How St. Luke's is addressing revenue cycle challenges

Robert Mueller serves as vice president of revenue cycle at Boise, Idaho-based St. Luke's Health System.

An experienced healthcare executive, his background has been in revenue cycle management, payer contracting and net revenue reimbursement.

Before joining St. Luke's, Mr. Mueller was senior vice president of revenue cycle at Milwaukee-based Aurora Healthcare, which has since merged with Downers Grove, Ill.-based Advocate Health Care.

Here, he shares his proudest moment as a revenue cycle leader, discusses revenue cycle challenges and offers advice for other hospital revenue cycle leaders.

Editor's note: Responses were lightly edited for length and clarity.

Question: What is your proudest moment as a revenue cycle leader?

Robert Mueller: When I think of the essence of the revenue cycle, we're charged with collecting everything in terms of reimbursement. My responsibility at St. Luke's is to collect $2.5 billion a year. It's a pretty significant responsibility, and I enjoy that. I enjoy the challenge of training up leaders and dealing with the complexity of revenue cycle, whether the ongoing challenge of new regulations and/or payer rules or implement new systems or facilities.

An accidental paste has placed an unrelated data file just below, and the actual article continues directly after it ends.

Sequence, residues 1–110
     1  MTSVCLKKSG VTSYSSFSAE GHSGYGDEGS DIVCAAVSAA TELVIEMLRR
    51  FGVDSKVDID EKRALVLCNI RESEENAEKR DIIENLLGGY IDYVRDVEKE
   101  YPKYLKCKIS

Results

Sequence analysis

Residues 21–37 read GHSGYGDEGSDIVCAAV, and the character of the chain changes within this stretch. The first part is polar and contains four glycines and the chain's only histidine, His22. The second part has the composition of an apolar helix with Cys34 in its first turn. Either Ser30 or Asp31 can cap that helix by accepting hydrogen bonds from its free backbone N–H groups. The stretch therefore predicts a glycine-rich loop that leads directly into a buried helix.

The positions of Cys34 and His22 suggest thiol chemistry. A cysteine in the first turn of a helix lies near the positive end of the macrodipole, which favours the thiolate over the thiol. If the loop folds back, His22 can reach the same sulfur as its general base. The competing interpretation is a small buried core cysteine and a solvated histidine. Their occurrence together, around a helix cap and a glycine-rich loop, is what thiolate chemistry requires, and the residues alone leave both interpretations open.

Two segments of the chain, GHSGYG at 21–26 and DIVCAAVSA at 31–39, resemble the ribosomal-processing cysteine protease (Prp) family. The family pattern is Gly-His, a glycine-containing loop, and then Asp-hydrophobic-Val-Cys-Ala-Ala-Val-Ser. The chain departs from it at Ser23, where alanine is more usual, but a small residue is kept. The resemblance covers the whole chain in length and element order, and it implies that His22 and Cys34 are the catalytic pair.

Q: What is the greatest revenue cycle challenge you face?

RM: I think right now we're focused on price transparency for patients, affordability for the uninsured and transitioning to value-based healthcare and what impact that's going to have on the revenue cycle. Educating physicians regarding appropriate documentation’s impact on their quality scores as well as its impact on system reimbursement.

Q: How is the organization working to address that challenge?

RM: We've had several years of improving our patient financial satisfaction scores — robust policies, procedures, patient payment portals, etc. — and that gives us the framework to continue to go forward. We'll be rolling out a patient price estimation tool in the near future on a self-service basis. We already have phone lines patients can call, but want to continue to expand our patient options.

Q: What is one thing you would change about the revenue cycle process today?

RM: I think the amount of the regulations are crazy, both by CMS and the commercial payers. There's a ton of administrative work to get paid for the services you do. I think I'd like to get all that to go away, but it's this complexity that creates the opportunities for professionals in this field.

Q: If you could offer other hospital revenue cycle leaders a piece of advice, what would it be?

RM: Focusing on developing revenue cycle leaders in your organization. You're only as good as what your leadership can do. I think that's what helped me be successful — training up leaders. I also think it's important to stay connected with operational leaders so that they understand the complexity of the revenue cycle, and you can work with them when changes occur and have to be implemented.


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